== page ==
Estonia. At the New Year, Tallinn as the first capital of Europe introduced free public transport for the city’s own residents. According to the municipality, the drop in ticket revenue is offset by environmental and social benefits, with reduced car traffic and increased nightlife.
According to Countryaah, Prime Minister Andrus Ansip’s Liberal Reform Party was shaken during the year by a scandal involving voting fraud in an internal party. The party leadership identified the EU parliamentarian and former Foreign Minister Kristiina Ojuland as the culprit, and she was excluded from the party in May. Ojuland rejected all charges.
In August, another of several spy stories that hit Estonia in recent years was discovered. A former employee of the Estonian Security Police was arrested accused of spying for a long time on the Russian Federation. Prior to Estonia’s independence, he had served in the Soviet security service KGB in Tallinn. The man later admitted and sentenced during the year to 15 years in prison.
The support for Prime Minister Ansip’s Reform Party fell in public opinion in the autumn local elections. In the October elections, the party went back, while the Social Democrats went ahead, especially in Russian-speaking Narva. In the capital Tallinn, the disputed mayor Edgar Savisaar retained power and his leftist Center Party defended his own majority. The center’s voters are mostly Russian-speaking, while only about one in ten Estonian voters vote for the party. In the capital, nearly half of the residents are Russian-speaking.
At the beginning of the year, the economic outlook for Estonia was fairly bright, but the third quarter showed the lowest growth since the financial crisis of 2008-10. The reason was reduced exports, mainly to the Russian Federation and Sweden. The full-year forecast was lowered to just over one percent of GDP growth.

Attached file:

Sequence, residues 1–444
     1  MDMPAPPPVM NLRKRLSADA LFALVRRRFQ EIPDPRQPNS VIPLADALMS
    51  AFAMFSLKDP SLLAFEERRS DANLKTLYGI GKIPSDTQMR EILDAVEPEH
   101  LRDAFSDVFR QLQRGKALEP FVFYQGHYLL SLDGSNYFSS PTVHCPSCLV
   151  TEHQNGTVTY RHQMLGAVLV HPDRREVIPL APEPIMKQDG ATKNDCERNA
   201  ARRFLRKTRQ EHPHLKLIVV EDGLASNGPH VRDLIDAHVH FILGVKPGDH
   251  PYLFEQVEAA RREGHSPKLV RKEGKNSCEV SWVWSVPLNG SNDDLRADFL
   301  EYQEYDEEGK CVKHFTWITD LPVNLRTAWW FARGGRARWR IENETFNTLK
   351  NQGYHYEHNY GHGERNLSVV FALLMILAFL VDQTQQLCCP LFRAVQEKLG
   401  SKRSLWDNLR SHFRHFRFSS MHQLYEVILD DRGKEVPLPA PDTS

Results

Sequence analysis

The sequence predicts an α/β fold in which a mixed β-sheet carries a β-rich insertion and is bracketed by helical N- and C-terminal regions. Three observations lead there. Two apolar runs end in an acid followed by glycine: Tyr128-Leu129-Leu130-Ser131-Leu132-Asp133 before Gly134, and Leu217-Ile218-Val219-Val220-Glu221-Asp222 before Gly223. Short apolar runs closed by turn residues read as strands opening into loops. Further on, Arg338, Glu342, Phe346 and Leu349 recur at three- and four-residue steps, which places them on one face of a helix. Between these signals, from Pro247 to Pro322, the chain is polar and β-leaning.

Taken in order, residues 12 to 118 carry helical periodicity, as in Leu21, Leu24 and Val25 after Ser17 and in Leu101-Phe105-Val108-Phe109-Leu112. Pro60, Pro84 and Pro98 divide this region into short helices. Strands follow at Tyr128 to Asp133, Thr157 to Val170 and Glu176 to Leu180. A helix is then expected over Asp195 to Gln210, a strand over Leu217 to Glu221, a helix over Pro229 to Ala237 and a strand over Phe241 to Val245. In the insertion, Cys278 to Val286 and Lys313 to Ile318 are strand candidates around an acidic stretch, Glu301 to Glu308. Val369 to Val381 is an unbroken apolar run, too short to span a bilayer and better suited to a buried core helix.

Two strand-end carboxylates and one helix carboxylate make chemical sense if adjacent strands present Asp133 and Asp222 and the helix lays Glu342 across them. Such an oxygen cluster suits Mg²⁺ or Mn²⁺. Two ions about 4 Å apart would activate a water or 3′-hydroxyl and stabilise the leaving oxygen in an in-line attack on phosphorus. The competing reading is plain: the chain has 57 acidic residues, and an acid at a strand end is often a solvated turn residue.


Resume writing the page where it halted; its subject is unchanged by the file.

In foreign policy, Estonia saw some improvement in relations with the Russian Federation. Prime Minister Ansip met his Russian colleague Dmitry Medvedev at the Baltic Sea Council’s summit in Saint Petersburg in April, and in October the countries’ foreign ministers met at the UN in New York. Then President Vladimir Putin gave his approval to a Russian signing of the dormant border agreement between the Russian Federation and Estonia.
When that happened, however, was unclear. The agreement was signed earlier, but the Russian Federation withdrew its signature. The border agreement is seen as a prerequisite for increased trade and regeneration of the fallen Russian transit traffic through Estonia. A foreign policy backlash was the criticism Prime Minister Ansip received when he stated during a visit to Ukraine that Estonia and the EU’s relations with Ukraine must not be invested in “a single card, a single lady”. Ansip referred to the EU’s demand that the imprisoned opposition leader Julija Tymoshenko be released. Among the critics was the chairman of Parliament’s Foreign Affairs Committee in Estonia who called the statement thoughtless.
But then Ansip got support from Tymoshenko herself, who urged the EU to sign association agreements with Ukraine despite not being released (Ukraine, however, said no to an agreement).
Minister of Culture Rein Lang resigned in December following a scandal in which he ended up in conflict with the cultural elite after appointing a controversial and provocative editor-in-chief for a tradition-heavy cultural magazine.